Session Title: Systemic Sclerosis & Related Disorders – Clinical Poster III
Session Type: Poster Session (Tuesday)
Session Time: 9:00AM-11:00AM
Background/Purpose: Scleroderma (systemic scleroderma or systemic sclerosis, SSc), is a highly heterogeneous autoimmune disease of unknown etiology, with a high rate of therapeutic failure and a progression of the disease. Although recently it has been noted a decrease in mortality It is still high, therefore SSc treatment is considered a therapeutic challenge. The immunomodulatory capacity of the mesenchymal stem cells (MSC), has increased the attention of the scientific community, considering them an alternative therapy that could potentially exceed the efficacy of available therapeutic options; we consider to evaluate through a systematic literature review (SLR), the efficacy, and safety of MSC in patients with SSc.
Methods: A SLR was conducted by two independent researchers (following PRISMA guidelines) in Medline/OVID, Lilacs, Embase and Cochrane/OVID databases (up until February 2019, no language restriction). All clinical study types were considered: Patients over 18 years of age, with SSc who received treatment with MSC (all clinical outcomes). Exclusion criteria: Animal Models, Bone marrow stromal cell transplant, Autologous hematopoietic stem cell transplant, Narrative reviews, Letters to the editor. The specified MeSH terms and keywords were used on the search strategy. Rayyan® Microsoft Excel® and review Manager ® 5.2 software were used for the different steps of the SLR. Data extraction (using a predesigned data extraction form) and quality assessment was also undertaken independently by two reviewers with disagreements resolved by discussion or by a third reviewer. Joanna Briggs Institute quality appraisal checklist was used to appraise the quality of studies. The Oxford Centre classifications for levels of evidence were used.
Results: Once the search was done on electronic bases and the grey literature, it was identified a total of 491 items. Duplicate articles were resolved, obtaining 471. 17 articles were screened by title and abstract, of which 15 articles were chosen and by full text 10 were included (6 case report, 3 Case series, and 1 pilot study). Figure1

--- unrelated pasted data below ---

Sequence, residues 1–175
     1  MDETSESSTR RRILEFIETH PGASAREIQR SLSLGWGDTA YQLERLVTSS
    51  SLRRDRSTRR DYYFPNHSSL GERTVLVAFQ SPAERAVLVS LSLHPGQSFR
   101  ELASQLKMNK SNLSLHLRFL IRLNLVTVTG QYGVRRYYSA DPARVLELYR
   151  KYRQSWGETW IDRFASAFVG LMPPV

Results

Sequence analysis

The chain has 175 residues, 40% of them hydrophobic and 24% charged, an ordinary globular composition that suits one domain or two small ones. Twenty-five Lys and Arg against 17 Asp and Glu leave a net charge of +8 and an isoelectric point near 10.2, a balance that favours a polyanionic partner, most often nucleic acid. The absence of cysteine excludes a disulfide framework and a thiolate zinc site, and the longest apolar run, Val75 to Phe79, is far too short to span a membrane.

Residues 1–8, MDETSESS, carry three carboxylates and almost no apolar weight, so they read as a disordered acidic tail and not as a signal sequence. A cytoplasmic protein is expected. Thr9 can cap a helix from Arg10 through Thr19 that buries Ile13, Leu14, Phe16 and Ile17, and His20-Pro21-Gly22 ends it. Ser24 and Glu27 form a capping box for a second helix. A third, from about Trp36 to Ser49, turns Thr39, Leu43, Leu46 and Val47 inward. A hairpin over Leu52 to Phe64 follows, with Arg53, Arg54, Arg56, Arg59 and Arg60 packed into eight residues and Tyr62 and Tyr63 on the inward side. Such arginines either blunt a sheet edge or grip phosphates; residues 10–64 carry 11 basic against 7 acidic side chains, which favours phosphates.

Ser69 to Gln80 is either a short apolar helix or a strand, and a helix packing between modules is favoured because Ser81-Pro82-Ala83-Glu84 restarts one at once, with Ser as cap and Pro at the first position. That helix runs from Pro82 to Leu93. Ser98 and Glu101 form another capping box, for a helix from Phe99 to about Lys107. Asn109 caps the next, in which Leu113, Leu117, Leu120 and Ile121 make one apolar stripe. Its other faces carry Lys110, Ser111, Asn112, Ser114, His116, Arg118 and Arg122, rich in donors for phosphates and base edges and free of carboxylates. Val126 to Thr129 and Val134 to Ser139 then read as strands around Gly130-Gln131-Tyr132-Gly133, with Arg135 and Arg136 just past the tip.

The total population corresponds to 62 patients (age range 18 – 75 years old), most of them refractory to conventional treatment. The different interventions and clinical outcomes are shown in Table 1. Overall appraisal through Joana Briggs checkout was inclusion decision. The level of evidence for the majority of studies was 4.
Conclusion: The reported data are too scarce to come to a clear assessment of the benefit/risk on the use of MSC in SSC. Further well-designed, standardized research studies are required assuming the potential challenges of SSc treatment and the great promise of MSC intervention based on its immunomodulatory functions.
To cite this abstract in AMA style:Mejia-Romero R, Aguilera N, Alzate-Granados J, Escobar -Soto C, Mendoza-Pinto C, García-Carrasco M, Rojas-Villarraga A. Mesenchymal Stem Cells in Scleroderma: A Systematic Review [abstract]. Arthritis Rheumatol. 2019; 71 (suppl 10). https://acrabstracts.org/abstract/mesenchymal-stem-cells-in-scleroderma-a-systematic-review/. Accessed April 13, 2021.
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